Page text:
The jewels have been adorned by kings and queens upon their coronations and are kept under high security with over 100 CCTV cameras, as well as guards keeping a watchful eye out around the clock for anyone daring enough to sneak a photo. There are high consequences for those caught, as any images could potentially reveal weak spots in security and structure broadcast to potential thieves. 

A beach in Florida (Image credit: Digital Camera World)
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3) Garoupe Beach, France

Live in the moment. Holidaymakers at Garoupe Beach in southern France are banned from taking selfies during the busy season and in the middle of summer, to encourage tourists to stop bragging about their holidays and enjoy the moment. 

Beach authorities actually introduced a law banning visitors from taking selfies on the beach, wanting Garoupe to be a haven for visitors to enjoy rather than showing off on social media.

Mecca (Image credit: Ömer F. Arslan via Unsplash)
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4) Mecca, Saudi Arabia

Can selfies interfere with religion? The government in Saudi Arabia seems to think so, having banned those taking the "holy journey" (The Hajj) pilgrimage to the city of Mecca from taking selfies along the trip, as it is seen as disrespectful.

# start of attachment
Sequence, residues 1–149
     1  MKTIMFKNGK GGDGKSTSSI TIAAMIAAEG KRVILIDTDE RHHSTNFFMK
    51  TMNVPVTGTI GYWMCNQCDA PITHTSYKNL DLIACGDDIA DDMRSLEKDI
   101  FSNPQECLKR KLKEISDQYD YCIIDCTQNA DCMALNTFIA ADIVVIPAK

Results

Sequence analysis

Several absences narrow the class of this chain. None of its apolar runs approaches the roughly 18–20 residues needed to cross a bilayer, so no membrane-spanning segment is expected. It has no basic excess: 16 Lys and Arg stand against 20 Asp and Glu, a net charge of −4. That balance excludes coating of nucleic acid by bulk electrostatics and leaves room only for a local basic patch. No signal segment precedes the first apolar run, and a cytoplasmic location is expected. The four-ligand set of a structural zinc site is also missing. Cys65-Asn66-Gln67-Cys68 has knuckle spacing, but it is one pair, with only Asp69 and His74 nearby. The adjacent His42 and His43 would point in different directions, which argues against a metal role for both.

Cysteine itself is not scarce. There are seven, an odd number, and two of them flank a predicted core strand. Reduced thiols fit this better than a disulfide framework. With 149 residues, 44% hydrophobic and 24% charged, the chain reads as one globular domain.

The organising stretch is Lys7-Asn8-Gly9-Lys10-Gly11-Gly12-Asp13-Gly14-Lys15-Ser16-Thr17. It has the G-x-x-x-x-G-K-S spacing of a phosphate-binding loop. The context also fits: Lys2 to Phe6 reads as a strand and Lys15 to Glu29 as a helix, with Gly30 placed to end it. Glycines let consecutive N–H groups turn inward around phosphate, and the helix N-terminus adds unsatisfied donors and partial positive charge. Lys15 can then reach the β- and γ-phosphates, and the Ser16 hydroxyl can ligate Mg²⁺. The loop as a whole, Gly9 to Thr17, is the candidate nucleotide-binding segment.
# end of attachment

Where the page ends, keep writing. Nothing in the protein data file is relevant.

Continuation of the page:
The Hajj is a sacred journey that every adult Muslim is encouraged to make at least once in their lifetime, taking place during the final month, Dhu'al-Hijjah, in the Islamic calendar. 

Many believe that taking a selfie resembles an act of tourism, which in itself takes away from the intended tranquillity and devotion required for acts of worship during this pilgrimage.

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5) Pamplona, Spain

The annual Running of the Bulls event occurs in Pamplona, Spain, for eight days in a row during July, and involves runners dashing through the streets of Pamplona while being chased by live bulls. This event is not for the faint-hearted!

To stop visitors from putting their lives in danger at the controversial event, there are several rules in place. This includes obstructing the course, distracting the animals, and trying to take a selfie with the bulls, which could subject visitors to hefty fines of around €3,000 ($3,230 / £2,650 / AU$4,850 approximately).